From their inception, the alphabetical indexes give the surname, the forenames if registered, the registration district and the volume and the page on which the entry may be found. These details enable the appropriate record to be located. Before , the indexes were written by hand on heavy parchment, though some have been replaced by printed copies.

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From , the indexes are in annual instead of quarterly volumes from The indexes from give the month of registration as the first and second digits in the document reference number. The next two digits give the year. Thus the reference number 9 refers to an event registered in April From the GRO death index specifies an age of death and from the birth index also specifies the maiden name of a child's mother. The GRO indexes are major tool for persons tracing their family history as well as those needing duplicate copies of their own birth or marriage certificates.

The indexes can be viewed on microfiche at the National Archives , major libraries, county record officers, LDS Family History Centres and can also be searched on a pay-per-view basis on several family history websites. This is an ongoing project to transcribe the whole GRO Index. There is also the GRO Index , an index of births from to , and deaths from to Unlike the indexes available elsewhere, it contains the mother's maiden name for births and the age of death for deaths for all years. In addition to the registers already mentioned, the GRO has charge of a number of other records in its Overseas Section.

These indexes can be searched online at pay-per-view family history websites and at the National Archives. They generally contain similar information to the main GRO indexes and registers. This is especially important in probate genealogy, when omitting an individual would mean potentially failing to research an entire branch of a family, and thus failing to ensure all heirs get a share of an estate they are legally entitled to. Finally, if you are certain of the date of an event, but less certain of the name, browsing can be a quicker way to find likely candidate.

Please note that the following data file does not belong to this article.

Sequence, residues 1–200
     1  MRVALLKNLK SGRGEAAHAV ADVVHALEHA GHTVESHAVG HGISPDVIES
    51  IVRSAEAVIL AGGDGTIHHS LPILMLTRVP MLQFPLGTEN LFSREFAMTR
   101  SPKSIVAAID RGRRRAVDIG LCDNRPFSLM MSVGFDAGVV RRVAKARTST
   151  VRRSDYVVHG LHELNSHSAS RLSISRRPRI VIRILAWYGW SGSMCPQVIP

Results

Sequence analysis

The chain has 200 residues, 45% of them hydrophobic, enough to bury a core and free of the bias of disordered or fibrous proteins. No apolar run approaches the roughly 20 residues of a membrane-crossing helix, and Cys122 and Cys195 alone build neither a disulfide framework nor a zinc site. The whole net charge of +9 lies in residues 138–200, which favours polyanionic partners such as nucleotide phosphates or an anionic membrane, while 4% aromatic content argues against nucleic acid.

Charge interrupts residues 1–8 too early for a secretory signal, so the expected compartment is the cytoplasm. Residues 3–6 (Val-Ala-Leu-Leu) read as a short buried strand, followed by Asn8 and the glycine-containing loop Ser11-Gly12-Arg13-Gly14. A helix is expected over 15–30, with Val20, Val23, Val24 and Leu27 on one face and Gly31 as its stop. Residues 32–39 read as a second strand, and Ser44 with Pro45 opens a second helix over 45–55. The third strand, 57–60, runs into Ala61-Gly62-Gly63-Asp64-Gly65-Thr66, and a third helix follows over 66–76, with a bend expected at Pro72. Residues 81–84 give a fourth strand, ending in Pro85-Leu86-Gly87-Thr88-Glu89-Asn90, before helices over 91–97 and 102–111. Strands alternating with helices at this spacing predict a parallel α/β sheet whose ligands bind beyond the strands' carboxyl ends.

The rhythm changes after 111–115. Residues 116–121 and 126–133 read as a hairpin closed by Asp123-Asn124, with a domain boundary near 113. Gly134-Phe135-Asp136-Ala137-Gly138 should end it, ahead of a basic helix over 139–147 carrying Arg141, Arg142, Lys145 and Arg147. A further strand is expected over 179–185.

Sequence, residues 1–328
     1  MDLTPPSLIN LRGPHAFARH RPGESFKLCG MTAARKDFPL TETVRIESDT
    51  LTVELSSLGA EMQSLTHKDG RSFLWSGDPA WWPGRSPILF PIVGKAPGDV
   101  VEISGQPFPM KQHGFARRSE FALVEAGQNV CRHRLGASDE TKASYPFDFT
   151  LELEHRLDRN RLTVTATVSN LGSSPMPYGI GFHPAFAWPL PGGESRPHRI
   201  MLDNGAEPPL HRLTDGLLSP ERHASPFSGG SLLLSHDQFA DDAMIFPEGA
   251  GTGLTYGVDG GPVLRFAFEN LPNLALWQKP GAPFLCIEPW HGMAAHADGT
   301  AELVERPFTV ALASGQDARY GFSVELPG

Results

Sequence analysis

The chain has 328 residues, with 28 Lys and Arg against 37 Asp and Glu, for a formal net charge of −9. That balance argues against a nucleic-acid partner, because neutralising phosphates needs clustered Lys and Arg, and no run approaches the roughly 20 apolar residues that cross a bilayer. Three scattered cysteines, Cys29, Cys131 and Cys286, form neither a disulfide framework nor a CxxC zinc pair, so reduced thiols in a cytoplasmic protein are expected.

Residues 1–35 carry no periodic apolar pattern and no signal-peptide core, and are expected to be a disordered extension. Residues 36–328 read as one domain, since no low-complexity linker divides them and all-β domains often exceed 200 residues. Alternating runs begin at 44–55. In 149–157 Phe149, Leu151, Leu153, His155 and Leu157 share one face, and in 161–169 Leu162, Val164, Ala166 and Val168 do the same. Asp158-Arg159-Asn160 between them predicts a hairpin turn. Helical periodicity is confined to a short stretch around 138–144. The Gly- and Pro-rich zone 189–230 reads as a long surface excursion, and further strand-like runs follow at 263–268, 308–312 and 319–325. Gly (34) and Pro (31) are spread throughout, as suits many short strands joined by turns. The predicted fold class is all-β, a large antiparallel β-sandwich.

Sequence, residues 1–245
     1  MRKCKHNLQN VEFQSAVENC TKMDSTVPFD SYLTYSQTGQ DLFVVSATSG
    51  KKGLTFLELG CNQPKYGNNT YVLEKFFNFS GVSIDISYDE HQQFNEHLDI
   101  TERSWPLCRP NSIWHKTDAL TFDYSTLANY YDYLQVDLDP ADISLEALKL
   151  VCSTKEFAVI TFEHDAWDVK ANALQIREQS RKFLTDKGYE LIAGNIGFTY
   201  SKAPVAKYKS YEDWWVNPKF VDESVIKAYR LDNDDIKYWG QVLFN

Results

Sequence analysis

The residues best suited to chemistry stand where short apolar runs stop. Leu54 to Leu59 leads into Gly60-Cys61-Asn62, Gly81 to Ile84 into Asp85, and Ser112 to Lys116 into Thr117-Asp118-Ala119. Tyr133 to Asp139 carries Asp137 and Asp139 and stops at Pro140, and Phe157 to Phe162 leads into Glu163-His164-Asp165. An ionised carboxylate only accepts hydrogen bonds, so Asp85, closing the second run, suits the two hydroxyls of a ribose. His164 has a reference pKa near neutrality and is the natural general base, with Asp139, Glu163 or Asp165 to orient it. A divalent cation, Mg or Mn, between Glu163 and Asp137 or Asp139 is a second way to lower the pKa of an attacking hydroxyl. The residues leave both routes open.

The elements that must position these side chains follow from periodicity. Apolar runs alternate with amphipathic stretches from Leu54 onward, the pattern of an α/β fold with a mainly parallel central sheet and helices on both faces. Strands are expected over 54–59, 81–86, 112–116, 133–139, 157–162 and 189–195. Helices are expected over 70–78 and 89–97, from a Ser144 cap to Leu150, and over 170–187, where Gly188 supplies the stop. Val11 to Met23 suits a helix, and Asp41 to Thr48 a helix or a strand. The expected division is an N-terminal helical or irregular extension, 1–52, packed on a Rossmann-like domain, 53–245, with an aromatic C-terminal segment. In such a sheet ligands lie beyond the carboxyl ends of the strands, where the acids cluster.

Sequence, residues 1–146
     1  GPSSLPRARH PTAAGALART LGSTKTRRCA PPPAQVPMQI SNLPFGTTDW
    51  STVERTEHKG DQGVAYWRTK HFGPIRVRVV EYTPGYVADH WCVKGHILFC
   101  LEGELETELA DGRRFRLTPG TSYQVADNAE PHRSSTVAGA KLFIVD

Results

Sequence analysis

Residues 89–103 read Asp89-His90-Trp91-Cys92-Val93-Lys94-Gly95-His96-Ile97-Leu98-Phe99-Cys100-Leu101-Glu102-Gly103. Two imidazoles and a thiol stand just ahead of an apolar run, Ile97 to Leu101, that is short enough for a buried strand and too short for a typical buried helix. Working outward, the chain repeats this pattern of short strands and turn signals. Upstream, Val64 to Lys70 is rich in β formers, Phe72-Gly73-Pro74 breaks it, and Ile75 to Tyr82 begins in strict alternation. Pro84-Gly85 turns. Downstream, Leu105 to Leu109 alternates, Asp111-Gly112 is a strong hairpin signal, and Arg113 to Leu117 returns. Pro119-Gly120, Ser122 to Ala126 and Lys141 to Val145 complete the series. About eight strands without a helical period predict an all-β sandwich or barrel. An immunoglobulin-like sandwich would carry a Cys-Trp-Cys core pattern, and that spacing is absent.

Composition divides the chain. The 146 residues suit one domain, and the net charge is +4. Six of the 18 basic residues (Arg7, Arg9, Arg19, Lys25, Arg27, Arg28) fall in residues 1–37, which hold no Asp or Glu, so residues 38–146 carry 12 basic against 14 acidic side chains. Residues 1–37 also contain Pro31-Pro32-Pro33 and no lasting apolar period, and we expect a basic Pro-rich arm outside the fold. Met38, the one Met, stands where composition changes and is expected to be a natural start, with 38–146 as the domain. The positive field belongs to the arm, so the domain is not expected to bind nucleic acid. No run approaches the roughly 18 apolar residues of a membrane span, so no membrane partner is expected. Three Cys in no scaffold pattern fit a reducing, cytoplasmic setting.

Once you've discovered when and where your ancestor was born, married or died by using findmypast's birth, marriage and death records, you can order a certified copy of their birth, marriage or death certificate from the General Register Office GRO. This service is available both to UK and non-UK residents and covers births, marriages and deaths registered in England and Wales, as well as certain registrations overseas. English and Welsh birth, marriage and death certificates are considered public records, so anyone can order a copy of them.

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If you are enquiring about a more recent birth or death certificate recorded within the last 50 years , the GRO will require more detailed information from you than for older certificates. The easiest way to order a certificate is online through the GOV.

UK website: www. The certificate ordering service is not connected to Findmypast. If you have any queries regarding certificates, please contact the GRO directly by email, telephone or post using the details below.


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  4. Burial Records & Death Records in the UK.
  5. You can also order certificates from the GRO by contacting them in this way. A-Z of record sets. Learn more Useful links. Event Type.